GM is now saying that beginning with the 2023+ Corvette models, they are doing away with the cylinder key lock mechanism for the rear hatch.
For access to the rear hatch, they suggest using any of the three electronic buttons (driver’s side door, key fob, hatch release button) first.
In case there is an issue with the latching mechanism that has seized, or loss of battery voltage, the only solution for opening it is to use a 3-inch hole-saw and drill into the hatch so that the fasteners holding it closed can be released.
Here is the technical update from GM :
If you need to access the rear compartment on a 2023+ model year Corvette:
Attempt to open the rear hatch /rear compartment using all 3 electrical attempts.
Try the interior switch, the exterior touchpad, and the key fob.
This will electrically command the rear hatch/rear compartment to release.
There is no alternate method to gain access to the rear hatch / rear compartment if these attempts do not work.
The vehicle will have to be damaged in order to open the rear hatch / rear compartment.
See the section later in this document titled, “Accessing the rear hatch / rear compartment with a seized up latch.”
Accessing the rear hatch / rear compartment with a seized up latch:
First, obtain a 3-inch hole saw for the following procedure.
Send the vehicle to a body shop as needed.
Starting at the trailing edge of the rear hatch / rear compartment, measure forward 3 and 1/2".
Make this mark at the centerline of the panel.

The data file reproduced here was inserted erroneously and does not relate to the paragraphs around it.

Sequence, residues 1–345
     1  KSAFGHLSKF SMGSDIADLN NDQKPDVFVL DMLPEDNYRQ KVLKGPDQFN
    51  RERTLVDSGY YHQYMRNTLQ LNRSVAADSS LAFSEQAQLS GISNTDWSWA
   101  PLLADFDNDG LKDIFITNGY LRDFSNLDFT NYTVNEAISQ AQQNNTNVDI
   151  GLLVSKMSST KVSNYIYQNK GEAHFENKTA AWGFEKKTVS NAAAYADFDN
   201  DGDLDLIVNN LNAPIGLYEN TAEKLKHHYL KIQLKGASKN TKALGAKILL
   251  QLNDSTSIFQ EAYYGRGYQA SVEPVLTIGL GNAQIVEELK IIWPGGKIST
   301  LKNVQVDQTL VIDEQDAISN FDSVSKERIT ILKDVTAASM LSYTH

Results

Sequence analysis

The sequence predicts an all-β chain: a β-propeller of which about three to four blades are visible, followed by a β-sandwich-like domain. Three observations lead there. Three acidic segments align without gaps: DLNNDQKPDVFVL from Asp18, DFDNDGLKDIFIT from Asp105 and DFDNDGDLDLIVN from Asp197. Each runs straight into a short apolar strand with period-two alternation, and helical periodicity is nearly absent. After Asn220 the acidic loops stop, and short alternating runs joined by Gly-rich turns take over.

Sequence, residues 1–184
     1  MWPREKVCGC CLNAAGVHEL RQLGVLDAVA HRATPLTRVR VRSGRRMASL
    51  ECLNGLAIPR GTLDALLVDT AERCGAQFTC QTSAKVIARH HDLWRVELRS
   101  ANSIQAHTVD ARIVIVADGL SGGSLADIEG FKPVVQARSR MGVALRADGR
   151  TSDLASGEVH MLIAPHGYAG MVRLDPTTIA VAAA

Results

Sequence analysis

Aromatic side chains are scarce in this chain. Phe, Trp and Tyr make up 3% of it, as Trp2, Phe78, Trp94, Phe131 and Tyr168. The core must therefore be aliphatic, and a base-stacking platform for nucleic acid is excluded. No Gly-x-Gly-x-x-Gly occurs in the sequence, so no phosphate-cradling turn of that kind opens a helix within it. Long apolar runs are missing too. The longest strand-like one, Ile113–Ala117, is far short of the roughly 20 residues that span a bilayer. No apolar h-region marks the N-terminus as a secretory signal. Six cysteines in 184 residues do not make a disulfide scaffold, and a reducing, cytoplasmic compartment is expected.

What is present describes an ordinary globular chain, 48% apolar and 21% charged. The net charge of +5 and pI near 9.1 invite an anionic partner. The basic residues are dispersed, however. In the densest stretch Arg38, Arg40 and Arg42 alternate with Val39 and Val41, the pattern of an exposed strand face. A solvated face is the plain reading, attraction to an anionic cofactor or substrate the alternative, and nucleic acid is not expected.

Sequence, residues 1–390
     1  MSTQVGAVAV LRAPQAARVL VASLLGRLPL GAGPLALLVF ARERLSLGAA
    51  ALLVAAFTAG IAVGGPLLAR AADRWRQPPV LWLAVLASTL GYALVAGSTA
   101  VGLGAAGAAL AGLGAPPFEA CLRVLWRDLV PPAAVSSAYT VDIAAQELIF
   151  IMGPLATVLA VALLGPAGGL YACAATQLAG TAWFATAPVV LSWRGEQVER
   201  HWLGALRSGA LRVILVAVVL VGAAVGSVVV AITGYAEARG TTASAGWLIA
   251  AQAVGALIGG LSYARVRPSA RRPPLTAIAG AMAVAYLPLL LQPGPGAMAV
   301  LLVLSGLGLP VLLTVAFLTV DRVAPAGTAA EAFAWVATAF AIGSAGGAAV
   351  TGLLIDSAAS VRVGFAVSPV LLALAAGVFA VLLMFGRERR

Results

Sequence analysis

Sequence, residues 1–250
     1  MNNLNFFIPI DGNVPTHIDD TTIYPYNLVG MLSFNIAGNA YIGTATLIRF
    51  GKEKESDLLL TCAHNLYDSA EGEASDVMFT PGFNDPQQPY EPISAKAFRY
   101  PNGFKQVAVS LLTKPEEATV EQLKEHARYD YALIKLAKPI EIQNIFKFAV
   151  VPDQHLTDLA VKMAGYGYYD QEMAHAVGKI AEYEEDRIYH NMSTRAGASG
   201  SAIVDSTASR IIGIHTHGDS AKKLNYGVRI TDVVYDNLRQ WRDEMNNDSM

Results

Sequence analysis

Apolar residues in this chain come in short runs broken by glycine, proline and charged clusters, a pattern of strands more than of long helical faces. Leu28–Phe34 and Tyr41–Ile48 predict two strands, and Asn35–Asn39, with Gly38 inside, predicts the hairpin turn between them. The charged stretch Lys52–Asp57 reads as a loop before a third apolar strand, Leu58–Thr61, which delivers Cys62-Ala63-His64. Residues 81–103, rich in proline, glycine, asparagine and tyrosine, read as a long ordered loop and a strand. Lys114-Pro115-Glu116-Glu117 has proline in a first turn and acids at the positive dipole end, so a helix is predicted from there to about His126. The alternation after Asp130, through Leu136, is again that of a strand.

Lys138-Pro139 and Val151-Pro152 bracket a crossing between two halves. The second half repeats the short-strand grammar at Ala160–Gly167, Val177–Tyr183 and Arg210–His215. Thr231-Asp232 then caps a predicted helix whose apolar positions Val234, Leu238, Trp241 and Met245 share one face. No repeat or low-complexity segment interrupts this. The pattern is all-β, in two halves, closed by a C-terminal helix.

This will be the center of the hole that will have to be drilled into the panel.
This will place the pilot hole location right in a portion of the stingray emblem when it has been positioned properly.
Drill a 3" hole through the rear hatch / rear compartment panel.
This will allow the technician to lift the rear panel upwards, and the 3" cut-out portion of the panel will stay attached to the rear latch / striker assembly.
The servicing technician will then have access to the fasteners that hold the latch to the vehicle and can continue servicing the vehicle from there.”
The hatch will then have to be replaced
We’re not exactly sure why this change was made, but most likely it comes down to the cost of the locks and installing them on every C8 Corvette versus the costs to warranty a defective hatch mechanism whenever those issues arise.
Imagine if this happens when the car is out of GM warranty and the total cost to replace the hatch, all for GM to save a few bucks on a lock